Founder of Swiss assisted suicide organisation on trial for profiteering from his clients

July 23, 2020 0 By HearthstoneYarns

The founder of one of Switzerland’s best known assisted suicide organisations went on trial on Friday on charges of profiteering from patients and exploiting their suffering for his own benefit.

Ludwig Minelli, the founder of Dignitas, is accused of arranging the assisted suicide of one German woman because she left the organisation 100,000 Swiss francs (£74,000) in her will.

He is also accused of overcharging a mother and daughter by around 11,000 Swiss francs (£8,000) to arrange their suicide.

Mr Minelli denied the charges against him and told the court they were “inconsistent and absurd”.

The case comes a week after the British-Australian scientist David Goodall made international headlines when he travelled to Switzerland to end his life at the age of 104. Mr Goodall used the services of Life Cycle, a rival assisted suicide clinic which is not accused of any wrongdoing.

The assisted suicide clinic Dignitas in Pfaeffikon near ZurichCredit:
 AFP

Assisted suicide is permitted in Switzerland but it is illegal to encourage or help someone take their own life for “self-serving motives”. This is considered to include charging more than the standard rate.

The case against Mr Minelli is the first time the laws have been tested in court. Dignitas is one of the best known assisted suicide organisations in the world and campaigns actively to change the law on euthanasia in other countries, including the UK.

Earlier this month it accused British MPs of “ignorance, irresponsibility and hypocrisy” for refusing to legalise assisted suicide in the UK.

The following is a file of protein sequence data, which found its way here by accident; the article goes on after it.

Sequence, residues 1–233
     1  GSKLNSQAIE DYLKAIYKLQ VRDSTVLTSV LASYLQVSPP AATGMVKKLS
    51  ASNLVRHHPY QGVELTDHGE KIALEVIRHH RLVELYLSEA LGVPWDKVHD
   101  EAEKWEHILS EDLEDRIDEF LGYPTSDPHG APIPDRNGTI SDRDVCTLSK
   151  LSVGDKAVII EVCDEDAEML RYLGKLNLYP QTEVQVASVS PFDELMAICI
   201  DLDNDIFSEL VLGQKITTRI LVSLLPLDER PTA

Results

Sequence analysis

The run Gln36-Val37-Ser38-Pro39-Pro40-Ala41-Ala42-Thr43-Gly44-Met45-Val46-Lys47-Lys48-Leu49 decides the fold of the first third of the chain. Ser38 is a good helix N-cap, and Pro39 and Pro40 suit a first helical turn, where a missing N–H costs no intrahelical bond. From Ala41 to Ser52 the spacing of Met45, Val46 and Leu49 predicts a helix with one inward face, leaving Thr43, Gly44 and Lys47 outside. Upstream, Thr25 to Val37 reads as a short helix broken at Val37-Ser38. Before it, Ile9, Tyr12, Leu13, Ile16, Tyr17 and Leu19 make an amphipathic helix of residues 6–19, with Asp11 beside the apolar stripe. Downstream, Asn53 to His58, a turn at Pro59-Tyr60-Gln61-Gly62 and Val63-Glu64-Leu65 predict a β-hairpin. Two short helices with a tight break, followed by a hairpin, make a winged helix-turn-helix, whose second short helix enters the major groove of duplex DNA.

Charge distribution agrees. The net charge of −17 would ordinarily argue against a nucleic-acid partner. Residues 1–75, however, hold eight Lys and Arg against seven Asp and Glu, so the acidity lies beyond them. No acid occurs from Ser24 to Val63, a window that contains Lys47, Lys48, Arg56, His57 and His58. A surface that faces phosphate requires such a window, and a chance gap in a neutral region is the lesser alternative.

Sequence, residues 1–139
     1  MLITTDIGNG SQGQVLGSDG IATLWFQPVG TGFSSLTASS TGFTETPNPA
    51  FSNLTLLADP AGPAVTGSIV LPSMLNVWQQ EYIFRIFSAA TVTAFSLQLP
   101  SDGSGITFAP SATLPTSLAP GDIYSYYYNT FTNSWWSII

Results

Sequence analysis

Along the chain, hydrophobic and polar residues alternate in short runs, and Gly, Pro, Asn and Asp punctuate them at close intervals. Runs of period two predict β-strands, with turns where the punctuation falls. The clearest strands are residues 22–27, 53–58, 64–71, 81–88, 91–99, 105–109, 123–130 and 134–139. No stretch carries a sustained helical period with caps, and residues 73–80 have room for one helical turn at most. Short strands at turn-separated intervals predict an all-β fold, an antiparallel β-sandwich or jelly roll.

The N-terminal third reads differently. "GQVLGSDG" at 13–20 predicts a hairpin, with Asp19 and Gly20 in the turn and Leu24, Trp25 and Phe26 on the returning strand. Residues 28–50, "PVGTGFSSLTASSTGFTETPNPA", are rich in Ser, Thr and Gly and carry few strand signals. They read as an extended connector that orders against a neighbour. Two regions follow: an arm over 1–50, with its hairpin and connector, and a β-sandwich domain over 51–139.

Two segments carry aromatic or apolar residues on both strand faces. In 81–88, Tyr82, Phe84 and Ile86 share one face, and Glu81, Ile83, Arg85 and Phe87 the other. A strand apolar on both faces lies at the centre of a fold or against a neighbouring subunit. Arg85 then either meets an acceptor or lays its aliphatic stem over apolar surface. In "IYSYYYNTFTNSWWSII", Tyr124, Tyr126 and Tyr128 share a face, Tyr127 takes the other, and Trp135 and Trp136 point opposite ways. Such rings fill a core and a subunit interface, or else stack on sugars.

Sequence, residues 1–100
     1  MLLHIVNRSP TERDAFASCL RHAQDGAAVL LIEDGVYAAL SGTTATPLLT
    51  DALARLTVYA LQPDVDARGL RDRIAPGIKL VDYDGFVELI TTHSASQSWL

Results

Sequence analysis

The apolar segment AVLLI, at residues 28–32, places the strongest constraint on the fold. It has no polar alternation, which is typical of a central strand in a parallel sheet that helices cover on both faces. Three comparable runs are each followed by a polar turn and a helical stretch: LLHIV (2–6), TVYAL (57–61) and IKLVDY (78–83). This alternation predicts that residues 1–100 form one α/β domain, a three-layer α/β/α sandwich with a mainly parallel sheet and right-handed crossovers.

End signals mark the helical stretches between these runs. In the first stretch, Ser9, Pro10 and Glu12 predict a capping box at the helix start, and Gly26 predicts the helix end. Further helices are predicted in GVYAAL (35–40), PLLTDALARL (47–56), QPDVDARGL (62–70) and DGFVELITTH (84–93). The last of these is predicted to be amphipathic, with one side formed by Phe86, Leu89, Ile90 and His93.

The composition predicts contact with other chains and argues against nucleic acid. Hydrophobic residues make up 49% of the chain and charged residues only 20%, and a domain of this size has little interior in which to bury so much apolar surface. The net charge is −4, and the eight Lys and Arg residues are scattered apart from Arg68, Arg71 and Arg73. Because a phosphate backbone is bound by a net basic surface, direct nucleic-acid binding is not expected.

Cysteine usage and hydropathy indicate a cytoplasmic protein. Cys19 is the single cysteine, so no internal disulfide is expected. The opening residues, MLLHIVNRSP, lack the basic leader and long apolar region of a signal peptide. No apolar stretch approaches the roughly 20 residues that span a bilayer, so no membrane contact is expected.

About | Dignitas

Dignitas does not carry out assisted suicides itself but arranges for independent Swiss doctors to provide them for its clients. 

The 85-year-old Mr Minelli is accused of arranging the suicide of an 80-year-old German woman in 2003 despite the fact three Swiss doctors had refused to carry it out on the grounds that it was unethical.

Although the woman was distressed she was not terminally ill, prosecutors said. Mr Minelli found a fourth doctor who was prepared to prescribe a lethal dose of sodium pentobarbital. 

Prosecutors alleged Mr Minelli stood to gain from her death as she had left Dignitas 100,000 Swiss francs in her will.

Assisted Dying 

He had not honoured her request to have her ashes buried beside her husband in Germany, but had disposed of them in lake Zurich, prosecutors alleged.

He is also accused of charging a German mother and daughter around 11,000 Swiss francs (£8,000) each to arrange their suicides — twice the going rate.

The 85-year-old mother and her 55-year-old daughter agreed to the excessive charges because they were desperate, prosecutors argued.

Mr Minelli vehemently rejected the charges on Friday. “This is not a normal criminal procedure,” he told the court. Prosecutors “simply wanted to put their noses” into Dignitas’ business and had “come up with a pretext”, he claimed.

Prosecutors’ estimates of the standard costs of providing assisted suicide were wrong, he argued. “The people who have come up with these figures don’t have the slightest idea of this work,” he said.

Prosecutors are seeking a fine of 7,000 Swiss francs (£5,200) and a further suspended fine of 65,000 francs (£48,000).

The trial continues.